Two Eyes Staring (Netherlands/Belgium, 2010)
As I’ve mentioned elsewhere, I love horror films in all their shambling, twisted forms. If I had to choose a favourite subgenre, though, it would be the ghost story. There is nothing inherently superior about ghost stories over bloodier and less subtle forms of horror, no matter what some advocates may tell you, but they do have a way of getting under my skin that nothing else can quite manage. They tap into primal fears of the dark, the dead and of being watched by unseen eyes, but worse, they are stories of our guilt and our worst secrets being given form and power over us. A good bloody slasher film may have us looking over our shoulders when we walk through a quiet car park late at night, but an effective ghost story will fill every shadow with potential nightmares and tickle our thoughts as we lie awake at night.
As the makers of Two Eyes Staring (or Zwarte Water in its original Dutch) know, you can make ghost stories even creepier by involving children. The imagination of childhood and the easy dismissal by adults of the fears it brings make children even more vulnerable when facing supernatural horrors. The dismissal that young Lisa, the protagonist of Two Eyes Staring, experiences is even keener, as it is largely a symptom of her overall emotional distance from her mother, a woman who will even deny her existence when asked about children at a job interview.
The horror in Two Eyes Staring begins when Lisa’s mother inherits the family house in rural Belgium when her own estranged mother dies. Lisa’s parents decide to leave the Netherlands and everything Lisa knows to settle in this large, run-down house full of shadows and secrets, despite their daughter’s protests.
As the family settles in, Lisa makes two discoveries: an old childhood diary of her mother’s which hints at some shocking events, and the ghost of her aunt, Karen, a child herself, who confirms what Lisa reads and is driven to right old wrongs. The revelations start to build, and Lisa finds herself caught up in events that can only end in tragedy.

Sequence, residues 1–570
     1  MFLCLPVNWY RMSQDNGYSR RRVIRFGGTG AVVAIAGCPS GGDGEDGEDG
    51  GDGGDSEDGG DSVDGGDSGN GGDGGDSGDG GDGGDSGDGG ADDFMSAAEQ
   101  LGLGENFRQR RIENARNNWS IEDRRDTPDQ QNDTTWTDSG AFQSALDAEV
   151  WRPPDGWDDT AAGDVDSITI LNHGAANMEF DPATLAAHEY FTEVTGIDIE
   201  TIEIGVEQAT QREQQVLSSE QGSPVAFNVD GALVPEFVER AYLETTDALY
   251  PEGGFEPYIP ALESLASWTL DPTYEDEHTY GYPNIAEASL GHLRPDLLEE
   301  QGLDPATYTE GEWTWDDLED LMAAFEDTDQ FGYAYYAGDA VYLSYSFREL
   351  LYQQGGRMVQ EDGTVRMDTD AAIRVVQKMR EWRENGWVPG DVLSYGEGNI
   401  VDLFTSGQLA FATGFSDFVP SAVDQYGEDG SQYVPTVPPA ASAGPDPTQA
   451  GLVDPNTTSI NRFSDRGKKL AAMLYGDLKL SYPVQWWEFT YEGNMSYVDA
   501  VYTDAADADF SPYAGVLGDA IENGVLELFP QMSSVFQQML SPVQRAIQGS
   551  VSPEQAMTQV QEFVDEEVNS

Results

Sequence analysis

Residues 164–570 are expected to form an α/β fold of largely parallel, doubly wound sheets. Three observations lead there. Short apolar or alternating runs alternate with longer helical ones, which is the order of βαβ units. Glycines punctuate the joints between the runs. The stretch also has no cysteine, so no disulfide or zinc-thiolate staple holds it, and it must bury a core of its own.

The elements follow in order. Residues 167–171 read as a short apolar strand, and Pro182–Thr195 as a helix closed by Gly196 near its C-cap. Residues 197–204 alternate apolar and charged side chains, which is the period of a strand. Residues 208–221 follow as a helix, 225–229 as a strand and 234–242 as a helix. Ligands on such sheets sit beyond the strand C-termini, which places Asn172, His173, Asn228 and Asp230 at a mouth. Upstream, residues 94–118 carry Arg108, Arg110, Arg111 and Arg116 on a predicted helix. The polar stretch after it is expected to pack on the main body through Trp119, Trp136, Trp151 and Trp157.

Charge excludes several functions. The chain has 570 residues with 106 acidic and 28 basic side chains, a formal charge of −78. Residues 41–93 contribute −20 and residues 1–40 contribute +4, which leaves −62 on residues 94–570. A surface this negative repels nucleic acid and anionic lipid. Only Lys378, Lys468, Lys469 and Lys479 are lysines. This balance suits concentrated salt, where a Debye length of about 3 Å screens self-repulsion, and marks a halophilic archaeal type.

Two Eyes Staring has a timeless feel to it. It is a style of ghost story that has been with us since Victorian times, but with a few modern twists and flourishes. As with the best ghost stories, it is fundamentally about the psychology of its characters, and in this aspect it doesn’t disappoint. Lisa is a disturbed, lonely child, and her broken relationship with her mother is echoed perfectly by the supernatural manifestations she encounters.
The style and pacing of Two Eyes Staring are very European. There is a slow build-up of dread, with few outright frights and very little action. The effect is, appropriately enough, haunting rather than visceral, and the film will almost certainly appeal to fans of The Devil’s Backbone or The Orphanage.
Ultimately, there is little in Two Eyes Staring that is original, but it makes up for that by exploring some fresh angles of the classic ghost story, leading to a powerful conclusion. And if creepy little dead girls unnerve you as much as me, you may be turning the light on occasionally at night just to make sure they aren’t watching you.